Akshay S/O. Sanjay Vaidya vs State Of Maharashtra Thr. P.S.O. … on 31 October, 2017

WP 849/17 1 Judgment

IN THE HIGH COURT OF JUDICATURE AT BOMBAY,
NAGPUR BENCH, NAGPUR.

CRIMINAL WRIT PETITION NO. 849/2017

Akshay s/o Sanjay Vaidya,
Aged 21 yrs, Occ. Education,
R/o Adegaon, Tah.Deoli, Distt.Wardha. PETITIONER
…..VERSUS…..
State of Maharashtra,
through P.S.O. Deoli,
Distt. Wardha. RESPONDE
NT

Mr. Mahesh Rai, counsel for the petitioner.
Mr. Shyam Bissa, A.P.P. for the respondent.

CORAM : REVATI MOHITE DERE, J.

DATE
: 31 ST OCTOBER, 2017.

ORAL JUDGMENT

RULE. Rule is made returnable forthwith. The petition is

heard finally at the stage of admission with the consent of the learned

counsel for the parties.

2. By this petition, the petitioner has impugned the order dated

11.07.2017 passed by the learned Special Judge for POCSO, Wardha,

below Exhibit 16 in Special Case No.93 of 2014.

3. Mr.Mahesh Rai, learned counsel for the petitioner states that

the petitioner was a child in conflict with law, at the time when the

alleged incident took place and as such the case of the petitioner ought to

have been sent to the Juvenile Justice Board. He submitted that the

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WP 849/17 2 Judgment

learned Special Judge for POCSO, Wardha has clearly erred in law by

observing that the petitioner was a major, when the F.I.R. was lodged, i.e.

the said F.I.R. was lodged after almost one year of the alleged incident.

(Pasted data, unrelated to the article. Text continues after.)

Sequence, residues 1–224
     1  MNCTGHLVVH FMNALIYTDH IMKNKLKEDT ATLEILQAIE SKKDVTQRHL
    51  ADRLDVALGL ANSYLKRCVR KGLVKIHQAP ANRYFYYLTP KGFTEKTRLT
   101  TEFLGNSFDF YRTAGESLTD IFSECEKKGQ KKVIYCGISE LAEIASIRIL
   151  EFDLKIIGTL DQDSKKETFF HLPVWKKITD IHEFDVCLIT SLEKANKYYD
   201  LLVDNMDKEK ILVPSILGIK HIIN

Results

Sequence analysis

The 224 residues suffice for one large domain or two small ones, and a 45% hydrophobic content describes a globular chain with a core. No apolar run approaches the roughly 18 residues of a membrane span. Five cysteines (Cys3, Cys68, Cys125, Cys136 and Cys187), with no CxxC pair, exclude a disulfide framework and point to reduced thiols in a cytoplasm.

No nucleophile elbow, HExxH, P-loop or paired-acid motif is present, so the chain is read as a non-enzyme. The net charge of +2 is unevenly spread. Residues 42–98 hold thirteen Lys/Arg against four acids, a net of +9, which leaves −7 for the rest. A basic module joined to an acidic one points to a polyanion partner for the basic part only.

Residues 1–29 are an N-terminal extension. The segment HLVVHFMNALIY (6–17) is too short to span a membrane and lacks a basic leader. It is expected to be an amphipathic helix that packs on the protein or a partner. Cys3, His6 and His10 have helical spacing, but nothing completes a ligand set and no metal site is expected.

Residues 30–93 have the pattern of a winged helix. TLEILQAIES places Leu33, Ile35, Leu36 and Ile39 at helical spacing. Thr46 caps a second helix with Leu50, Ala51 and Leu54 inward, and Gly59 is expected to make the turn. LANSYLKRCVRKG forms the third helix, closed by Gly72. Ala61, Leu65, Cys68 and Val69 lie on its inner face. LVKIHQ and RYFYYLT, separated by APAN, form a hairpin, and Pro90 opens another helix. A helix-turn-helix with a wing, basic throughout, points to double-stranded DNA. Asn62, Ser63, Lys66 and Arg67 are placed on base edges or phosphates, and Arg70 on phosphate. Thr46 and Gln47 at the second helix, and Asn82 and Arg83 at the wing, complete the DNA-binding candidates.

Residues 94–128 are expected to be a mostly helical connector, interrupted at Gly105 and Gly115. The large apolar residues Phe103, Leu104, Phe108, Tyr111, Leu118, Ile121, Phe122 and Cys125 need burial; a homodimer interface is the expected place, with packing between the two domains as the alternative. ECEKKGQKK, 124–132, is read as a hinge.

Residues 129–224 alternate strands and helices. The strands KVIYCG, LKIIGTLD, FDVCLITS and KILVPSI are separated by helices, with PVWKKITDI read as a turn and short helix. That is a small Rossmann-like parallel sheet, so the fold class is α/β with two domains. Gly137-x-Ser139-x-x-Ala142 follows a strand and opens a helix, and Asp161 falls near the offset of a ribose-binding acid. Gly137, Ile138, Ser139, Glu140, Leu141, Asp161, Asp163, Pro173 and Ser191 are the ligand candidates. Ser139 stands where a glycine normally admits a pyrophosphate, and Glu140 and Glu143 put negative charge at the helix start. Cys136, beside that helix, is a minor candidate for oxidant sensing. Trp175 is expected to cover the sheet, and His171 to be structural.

Learned counsel for the petitioner relied on the petitioners birth

certificate which is on Page 90 of the petition and the school leaving

certificate which is on Page 89 of the petition, to show that the petitioner

was a child in conflict with law, when the alleged incident is stated to

have taken place. The date of birth of the petitioner in the said document

is 19.01.1996. According to the learned counsel, the alleged incident had

taken place between September-2013 to November-2013 and as such, the

petitioner was below 18 years at the time of the alleged incident.

3A. Mr.Shyam Bissa, learned Additional Public Prosecutor does

not dispute the fact, that the petitioner was a ‘child’ at the time of the

alleged incident, i.e. below 18 years and as such a child in conflict with

law, in terms of the Juvenile Justice (Care and Protection of Children)

Act, 2015.

4. Perused the papers. Before adverting to the facts of the

present case, it is necessary to reproduce the relevant provisions of the

Juvenile Justice (Care and Protection of Children) Act, 2015. Section

2(12) of the said Act, defines a “child” as a person who has not completed

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eighteen years of age. Section 2(13) defines a “child in conflict with law”

as a child who is alleged or found to have committed an offence and who

has not completed eighteen years of age on the date of commission of

such offence. Section 9(1) of the said Act reads as under:-

“9(1). Procedure to be followed by a
Magistrate who has not been empowered under this Act. –
(1) When a Magistrate, not empowered to exercise the powers of
the Board under this Act is of the opinion that the person alleged
to have committed the offence and brought before him is a child,
he shall, without any delay record such opinion and forward the
child immediately along with the record of such proceeding to the
Board having jurisdiction”

5. The complainant, who is the mother of the prosecutrix, has

stated that on 27.03.2014, she learnt that her daughter (prosecutrix),

aged 17 was pregnant, when she took her daughter to a hospital for

medical examination. The complainant has further stated that when she

enquired with her daughter (prosecutrix), she disclosed that she was in